Last week’s visit by a delegation of the International Atomic Energy Agency (IAEA) to Iran failed to produce results, leaving the international community, from traders to politicians, somewhat unsure about where it’s all going.
The standoff - an escalating tit-for-tat combination of sanctions and counter-threats - is unlikely to be resolved in the coming weeks. A case has often been made that the approach of the United States, blending diplomacy and sanctions, is hardly a convincing proposition for Iranian policymakers.
Iran has always maintained its nuclear program is peaceful and this claim was supported by a February 24 report in the New York Times, citing American intelligence officials as saying there was no evidence the country was building a nuclear bomb.
Iran’s ambassador to the IAEA reaffirmed the country’s commitment to working with agency as well, dispelling the recent denial of access to the nuclear site of Parchin as not “within Iran’s legal obligations with respect to the nuclear Non-Proliferation Treaty (NPT)”.
Fears are still growing of a unilateral strike by Israel on Iran, possibly as early as the summer, a move likely to force the United States to play a supporting role as an ally with vested interests in the region. Israeli authorities have, time and time again, insisted that all options remain on the table.
The country’s Prime Minister, Benjamin Netanyahu, will be heading to Washington on March 5 to meet with US President Barak Obama where he said that one topic of discussion “is, certainly, the continuing strengthening of Iran’s nuclear program”.
Just as is currently the case with Syria, not all of the world’s major powers are on the same page. China and Russia have repeatedly warned of the consequences of a strike on Iran, with Prime Minister Vladimir Putin describing them on Monday as “truly catastrophic”, the real scale of which is “impossible to imagine”.
Matthew Kroenig, a Stanton Nuclear Security Fellow at the Council on Foreign Relations, who also served as Special Advisor in the Office of the US Secretary of Defense, argues that a carefully-managed military strike against Iran’s nuclear program “could spare the region and the world a very real threat and dramatically improve the long-term national security of the United States”.
In a piece on “Why a Strike Is the Least Bad Option” in the latest edition of Foreign Affairs, Kroenig writes that the wider implications of a nuclear Iran, including relevant containment measures, would be “a costly, decades-long proposition” for the United States.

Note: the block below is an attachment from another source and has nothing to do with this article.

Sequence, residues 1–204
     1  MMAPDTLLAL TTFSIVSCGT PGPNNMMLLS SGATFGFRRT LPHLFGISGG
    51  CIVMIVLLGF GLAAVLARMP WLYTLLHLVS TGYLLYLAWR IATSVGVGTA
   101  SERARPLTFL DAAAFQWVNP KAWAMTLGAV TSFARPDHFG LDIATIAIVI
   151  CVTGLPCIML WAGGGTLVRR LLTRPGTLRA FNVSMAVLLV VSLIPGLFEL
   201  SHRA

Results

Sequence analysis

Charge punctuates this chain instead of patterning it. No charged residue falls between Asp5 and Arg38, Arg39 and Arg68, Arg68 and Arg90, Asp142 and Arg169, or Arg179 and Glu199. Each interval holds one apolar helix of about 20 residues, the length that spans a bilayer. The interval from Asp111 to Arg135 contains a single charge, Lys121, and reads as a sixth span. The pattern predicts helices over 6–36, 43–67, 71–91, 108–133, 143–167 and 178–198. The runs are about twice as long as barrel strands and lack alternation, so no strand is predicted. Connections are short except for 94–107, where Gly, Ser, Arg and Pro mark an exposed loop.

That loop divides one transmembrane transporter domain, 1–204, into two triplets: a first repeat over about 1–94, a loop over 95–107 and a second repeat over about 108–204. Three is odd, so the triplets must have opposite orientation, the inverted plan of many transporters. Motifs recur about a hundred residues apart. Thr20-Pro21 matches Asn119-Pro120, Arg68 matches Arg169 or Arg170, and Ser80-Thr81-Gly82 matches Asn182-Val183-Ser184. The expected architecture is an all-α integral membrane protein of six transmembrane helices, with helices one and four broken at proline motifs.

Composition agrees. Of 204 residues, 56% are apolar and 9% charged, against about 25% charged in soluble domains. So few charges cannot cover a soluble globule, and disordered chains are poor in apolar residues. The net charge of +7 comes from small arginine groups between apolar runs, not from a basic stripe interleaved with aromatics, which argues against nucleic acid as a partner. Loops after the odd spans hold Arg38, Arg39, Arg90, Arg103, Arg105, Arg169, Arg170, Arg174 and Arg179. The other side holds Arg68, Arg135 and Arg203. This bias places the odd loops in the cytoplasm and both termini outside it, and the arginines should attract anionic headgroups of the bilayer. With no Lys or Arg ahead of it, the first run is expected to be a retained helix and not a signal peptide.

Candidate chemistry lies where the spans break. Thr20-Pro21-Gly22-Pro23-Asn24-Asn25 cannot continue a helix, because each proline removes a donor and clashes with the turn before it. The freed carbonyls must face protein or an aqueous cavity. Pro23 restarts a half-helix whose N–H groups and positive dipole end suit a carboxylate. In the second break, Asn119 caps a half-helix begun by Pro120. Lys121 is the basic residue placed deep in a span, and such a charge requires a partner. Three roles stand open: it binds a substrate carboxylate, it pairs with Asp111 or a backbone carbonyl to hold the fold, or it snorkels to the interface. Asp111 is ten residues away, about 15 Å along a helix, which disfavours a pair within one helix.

Surgical strikes, on the other hand, could destroy Iran’s nuclear facilities, combining precision-guided missiles with bunker-busting bombs, while helping Washington “limit civilian casualties in any campaign”. Kroenig does however not offer a strategy for what has been a stumbling block in effectively applying sanctions: bringing key stakeholders such as China and Russia onboard.
An Iranian response is inevitable, Kroenig makes clear, that can be softened by reassuring the government that only its nuclear program is being targeted. Iran has over past few months cited the closure of the Strait of Hormuz, serving nearly a fifth of the world’s traded oil, as one of its defensive strategies if attacked.
The country also controls a sizable proxy network, and could attack US interest abroad. With oil prices hovering near nine-month highs long before any actual action in the Strait, the fear of further disruptions could be mitigated through releases from the Strategic Petroleum Reserves (SPR) and “quietly encouraging some Gulf states of increase production in the run-up to the attack”.
Discussions on opening reserves and the impact of sanctions are believed to have been held at the latest meeting of the G20 in Mexico City. Treasury Secretary Timothy Geithner told CNBC on Friday that Iran can “do a lot of damage to the global economy”, and that the United States was weighing an SPR release.
Saudi Arabia, the world’s top exporter who is said to have boosted production in the last few weeks after a surprise cut in December, is also a member of the G20.
As 2012 rolls on, the fate of the stand-off remains as unclear as ever, perhaps to the benefit of those betting on a diplomatic resolution.